Reviewed by Mike Bucci
High School Teacher
Whenever I prepare to teach a new topic, I try to refresh my content background. I often begin at the children’s section of the library, because I've found that adult books don’t provide the clear explanations, analogies, and authentic examples I need. But it has always been really difficult to find good material about physical science in any section of the library. Until now.
This book is for adults, and it’s fun. William Robertson is a well-qualified author with a light-hearted style. I found the premise, “Stop Faking It," interesting. Is that what some teachers do? If the author didn't have such a good sense of humor, a reader might take offense at the implication. However, without a doubt, this book will help teachers to understand the science concepts so that they can teach them with confidence.
Topics include kinetic and potential energy, forms of energy, work, simple machines, and thermal energy. The book is organized by the learning cycle (activity, explanation, and application), which is a good sequence for learners of any age. Each topic begins with thought-provoking questions. The explanations have good flow, a conversational tone, and plenty of comic asides that make for a very readable book.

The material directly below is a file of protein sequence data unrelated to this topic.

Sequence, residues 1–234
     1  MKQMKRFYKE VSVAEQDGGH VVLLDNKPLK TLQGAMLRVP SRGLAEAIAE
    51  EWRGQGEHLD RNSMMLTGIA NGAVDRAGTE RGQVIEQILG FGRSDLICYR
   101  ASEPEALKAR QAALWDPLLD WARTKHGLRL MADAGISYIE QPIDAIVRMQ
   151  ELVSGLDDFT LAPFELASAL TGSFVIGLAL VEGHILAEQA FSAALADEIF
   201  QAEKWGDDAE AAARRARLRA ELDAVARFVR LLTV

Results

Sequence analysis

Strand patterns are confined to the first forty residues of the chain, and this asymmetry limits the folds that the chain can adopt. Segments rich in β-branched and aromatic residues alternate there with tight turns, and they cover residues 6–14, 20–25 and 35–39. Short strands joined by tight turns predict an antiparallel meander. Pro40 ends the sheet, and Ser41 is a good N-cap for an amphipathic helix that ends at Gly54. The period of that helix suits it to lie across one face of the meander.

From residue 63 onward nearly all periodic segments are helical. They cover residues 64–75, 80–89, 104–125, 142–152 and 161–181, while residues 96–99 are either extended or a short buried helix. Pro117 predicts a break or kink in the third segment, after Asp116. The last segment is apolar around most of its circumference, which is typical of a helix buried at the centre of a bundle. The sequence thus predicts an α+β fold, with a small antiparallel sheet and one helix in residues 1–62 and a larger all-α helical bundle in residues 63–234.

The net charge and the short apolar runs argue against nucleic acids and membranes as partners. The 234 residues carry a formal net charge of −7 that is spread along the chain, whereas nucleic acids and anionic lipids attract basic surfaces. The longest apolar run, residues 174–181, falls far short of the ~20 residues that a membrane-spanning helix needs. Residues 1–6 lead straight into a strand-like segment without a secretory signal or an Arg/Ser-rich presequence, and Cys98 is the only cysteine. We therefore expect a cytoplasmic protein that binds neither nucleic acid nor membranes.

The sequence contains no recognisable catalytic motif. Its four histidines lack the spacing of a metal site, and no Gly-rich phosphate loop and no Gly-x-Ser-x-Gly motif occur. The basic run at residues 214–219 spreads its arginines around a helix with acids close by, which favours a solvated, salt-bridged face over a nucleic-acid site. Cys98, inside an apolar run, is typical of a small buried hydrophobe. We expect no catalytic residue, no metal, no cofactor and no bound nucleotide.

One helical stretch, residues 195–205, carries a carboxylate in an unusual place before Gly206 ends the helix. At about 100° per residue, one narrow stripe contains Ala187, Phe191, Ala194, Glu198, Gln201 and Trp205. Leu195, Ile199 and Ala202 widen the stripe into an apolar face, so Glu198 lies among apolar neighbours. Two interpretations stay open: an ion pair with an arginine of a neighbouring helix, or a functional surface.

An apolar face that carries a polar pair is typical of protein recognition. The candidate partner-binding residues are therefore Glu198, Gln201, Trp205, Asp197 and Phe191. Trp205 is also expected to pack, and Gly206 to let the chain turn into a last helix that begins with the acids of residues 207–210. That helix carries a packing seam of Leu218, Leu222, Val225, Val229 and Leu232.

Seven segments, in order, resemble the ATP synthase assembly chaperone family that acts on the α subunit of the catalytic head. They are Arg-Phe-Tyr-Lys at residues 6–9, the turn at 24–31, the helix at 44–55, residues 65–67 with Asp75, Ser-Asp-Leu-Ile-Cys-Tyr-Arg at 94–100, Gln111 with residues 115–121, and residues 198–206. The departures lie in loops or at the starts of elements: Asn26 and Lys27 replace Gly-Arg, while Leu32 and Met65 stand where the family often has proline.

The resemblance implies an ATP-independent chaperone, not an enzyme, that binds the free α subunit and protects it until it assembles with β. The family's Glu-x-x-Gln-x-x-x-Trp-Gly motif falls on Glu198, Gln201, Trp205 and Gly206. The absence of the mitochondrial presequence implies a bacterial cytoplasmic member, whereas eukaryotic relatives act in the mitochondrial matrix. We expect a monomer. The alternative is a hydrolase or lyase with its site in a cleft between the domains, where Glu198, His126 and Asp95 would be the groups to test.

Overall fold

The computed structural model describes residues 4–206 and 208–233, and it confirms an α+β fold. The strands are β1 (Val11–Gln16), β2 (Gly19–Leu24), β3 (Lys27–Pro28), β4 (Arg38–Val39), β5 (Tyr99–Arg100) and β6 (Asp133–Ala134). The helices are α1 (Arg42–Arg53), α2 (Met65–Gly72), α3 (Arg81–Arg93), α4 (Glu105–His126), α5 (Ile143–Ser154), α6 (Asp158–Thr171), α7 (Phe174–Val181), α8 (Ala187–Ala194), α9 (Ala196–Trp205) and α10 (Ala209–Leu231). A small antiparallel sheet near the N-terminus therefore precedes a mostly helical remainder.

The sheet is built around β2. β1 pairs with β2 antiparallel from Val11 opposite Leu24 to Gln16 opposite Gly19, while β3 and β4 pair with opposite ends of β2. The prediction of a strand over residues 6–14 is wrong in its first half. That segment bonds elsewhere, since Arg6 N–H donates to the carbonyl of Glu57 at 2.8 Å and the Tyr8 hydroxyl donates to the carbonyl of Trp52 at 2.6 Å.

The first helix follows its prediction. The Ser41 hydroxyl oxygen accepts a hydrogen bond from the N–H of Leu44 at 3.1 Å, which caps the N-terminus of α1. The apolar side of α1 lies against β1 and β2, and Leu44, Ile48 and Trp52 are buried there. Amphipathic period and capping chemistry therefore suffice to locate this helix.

The activities involve basic materials, and formulas are derived from simple experiments. The illustrations are humorous and effective. Each chapter includes a summary and Scilinks, which provide Internet connections for further information. A glossary is included. Part of a series about physical science concepts for teachers, this book is recommended for teachers at any level who would like to refresh their understanding and teaching of energy topics.
Review posted on 11/12/2002